Rider, then Coach, always the Safety Advocate
By Tech Sgt. Joe Woolston, 366th Fighter Wing Public Affairs
/ Published May 28, 2014
MOUNTAIN HOME AIR FORCE BASE, Idaho --
The critical days of summer are here. The warmer temperatures brings the strange phenomenon of motorized two-wheeled vehicles. When it's warm these "motor-cycles" if-you-will seem to be all over the place.
I ponder on how to define a safe rider. I strive to be a rider who rides within my limits both physically and mentally, encourages the safest alternative regarding personal protective gear, and manages and accepts the least amount of risk.
I became a motorcycle enthusiast about seven years ago. My neighbor in Okinawa, Japan, was always bike-sitting for different deployed Airmen, so there was a constant menacing presence in the carport.
That presence teased me for some time, so I turned it into an opportunity to; at least, go through the base's motorcycle safety course. From there I fell into a cheap bike that lasted the rest of my tour, an endorsement and a year later, I was able to take the course for experienced riders.
Fast-forward five years or so and a rare opportunity to become a rider coach for the Motorcycle Safety Foundation crossed my path. Warmer weather brings tons of fun, especially for motorcyclists in need of a relaxing cruise down the road.
I've been a motorcycle mentor and unit representative for some time, but a rider coach? I jumped at the chance. Rider Coach is a skill set usable after military service, and I like to help when I'm passionate about something. I'm definitely passionate about riding Idaho in the summer.
This native son of Idaho hasn't spent a summer here since becoming an Airman, 15 really cold winters ago. Last fall I got stationed at Mountain Home AFB and found Hank, my Honda CB-650. So, I haven't even had a full summer on two wheels yet.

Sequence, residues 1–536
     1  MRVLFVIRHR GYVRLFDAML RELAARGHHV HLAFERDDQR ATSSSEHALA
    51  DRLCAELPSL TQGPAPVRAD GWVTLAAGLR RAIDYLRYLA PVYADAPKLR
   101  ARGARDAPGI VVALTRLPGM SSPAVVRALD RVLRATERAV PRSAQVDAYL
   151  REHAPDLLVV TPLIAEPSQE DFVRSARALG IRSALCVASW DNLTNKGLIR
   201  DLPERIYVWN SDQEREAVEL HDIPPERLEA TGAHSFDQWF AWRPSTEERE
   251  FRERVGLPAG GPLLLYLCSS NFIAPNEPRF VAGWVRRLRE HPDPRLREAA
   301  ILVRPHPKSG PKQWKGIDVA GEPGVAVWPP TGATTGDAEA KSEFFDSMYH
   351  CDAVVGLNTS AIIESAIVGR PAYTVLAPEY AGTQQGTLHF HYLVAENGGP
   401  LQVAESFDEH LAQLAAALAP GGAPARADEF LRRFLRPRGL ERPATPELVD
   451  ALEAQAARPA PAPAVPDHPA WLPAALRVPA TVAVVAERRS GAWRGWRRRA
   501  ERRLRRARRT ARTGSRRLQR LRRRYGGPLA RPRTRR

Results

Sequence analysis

Gearing up for the motorcycle rider coach course, I have been working on my technique. The National Highway Traffic Safety Administration attributes half of single vehicle motorcycle accidents happen during cornering. So riding all the round-abouts on base has helped me master cornering. It's the last skill on the evaluation, and with all the other operational experience riding around, I was able to ace the final exam.
The Motorcycle Rider Coach Course was 10 days of class to teach novice riders how to be safe on the road. Even more for me, it was a journey into a new mindset. Safety, safety, safety. The first priority of the class speaks volumes for what I am now charged with.
The hot summer months have arrived and I need to prepare my unit riders to enjoy the road as our motorcycle safety representative, but as a rider coach I have to mentor all riders to respect the road. On two wheels there is so much more responsibility and accountability for our own actions, let alone the actions of drivers who may not be looking for motorcycle.
During the MSF Rider Coach class we learned "it's not what I know, but what the student knows." That being said, as a student I am really passionate about riding. As a coach, I am passionate about safe riding. Lastly, as a rider, if I'm committed, the world looks different from two wheels.
Safety is a huge issue not just for us motorcycle riders but for all motorists in general. As the critical days of summer get into swing, we will be out and about more often. I just have to remind myself all the things we are taught. A good riding season starts with a preseason brief. If you haven't had one this year, get one from your unit motorcycle safety representative. It's quick and easy, but gets you ready for the ride.
Remember to inspect your bike every time you go for a ride. The acronym is T-CLOCS. Check the tires and wheels, controls, lights, oil, chassis and stands. The pre-inspection will get you started. Don't forget proper protective equipment. Seek out a mentor to ride with and ride within your skill level.
The summer months give us many great opportunities to ride, but risk is still there and it's significant. I see the campaigns to look twice for motorcyclists, but as one... I know being visible is my responsibility. A world where every motorcyclist is seen every time would be great. Manage the risk, accept what risk is right for you and ride out. Remember safety, safety, safety.